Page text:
Regionalization in Local Public Health Systems

Variation in Rationale, Implementation, and Impact on Public Health Preparedness

Published In: Public Health Reports, v. 123, no. 4, July-Aug. 2008, p. 441-449

Posted on RAND.org on January 01, 2008

by Michael A. Stoto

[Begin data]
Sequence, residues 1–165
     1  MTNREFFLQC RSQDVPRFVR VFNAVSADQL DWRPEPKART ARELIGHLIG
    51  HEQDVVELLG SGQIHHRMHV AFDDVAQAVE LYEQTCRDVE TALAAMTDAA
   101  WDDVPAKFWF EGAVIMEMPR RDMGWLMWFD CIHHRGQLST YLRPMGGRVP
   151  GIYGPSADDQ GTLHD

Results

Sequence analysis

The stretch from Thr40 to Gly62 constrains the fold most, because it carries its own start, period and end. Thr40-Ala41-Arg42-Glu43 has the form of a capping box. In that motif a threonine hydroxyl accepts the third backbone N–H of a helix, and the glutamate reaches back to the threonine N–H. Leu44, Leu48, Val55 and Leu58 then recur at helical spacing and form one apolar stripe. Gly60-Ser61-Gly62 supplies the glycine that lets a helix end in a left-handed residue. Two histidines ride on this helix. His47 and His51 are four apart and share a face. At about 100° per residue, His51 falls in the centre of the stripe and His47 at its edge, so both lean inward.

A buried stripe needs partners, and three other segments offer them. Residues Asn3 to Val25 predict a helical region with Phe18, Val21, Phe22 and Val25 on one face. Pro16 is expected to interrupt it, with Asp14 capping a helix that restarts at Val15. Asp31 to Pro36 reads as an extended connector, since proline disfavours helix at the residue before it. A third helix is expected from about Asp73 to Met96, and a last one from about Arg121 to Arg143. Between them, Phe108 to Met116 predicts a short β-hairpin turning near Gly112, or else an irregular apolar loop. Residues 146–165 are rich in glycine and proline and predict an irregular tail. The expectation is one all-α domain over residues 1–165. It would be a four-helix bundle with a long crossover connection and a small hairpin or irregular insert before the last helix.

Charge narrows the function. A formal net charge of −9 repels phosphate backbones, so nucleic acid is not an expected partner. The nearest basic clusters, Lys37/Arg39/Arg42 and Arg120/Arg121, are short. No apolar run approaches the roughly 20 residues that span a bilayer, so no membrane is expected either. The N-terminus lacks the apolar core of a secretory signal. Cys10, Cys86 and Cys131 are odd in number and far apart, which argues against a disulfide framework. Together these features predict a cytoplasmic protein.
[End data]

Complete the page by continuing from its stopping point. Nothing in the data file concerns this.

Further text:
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Comparative case studies found that regionalization originated from a crisis or perceived need for a coordinated response, a need to build local public health capacity, or an effort to use federal preparedness funds more efficiently. Regions vary in terms of their congruence with regional structures for partner agencies, such as emergency management agencies, as well as hospital and health services markets and organizational structure. Some focus on building formal organizational relationships to coordinate and sometimes standardize preparedness and response activities or build regional capacity, while others focus on building informal professional networks. Whatever the approach, strong leadership and trust are required for effective planning, emergency response, and sustainability. This article suggests that regionalization improves emergency preparedness by allowing for more efficient use of resources and better coordination and demonstrated progress in terms of planning and coordination; regional capacity-building, training, and exercises; and development of professional networks.

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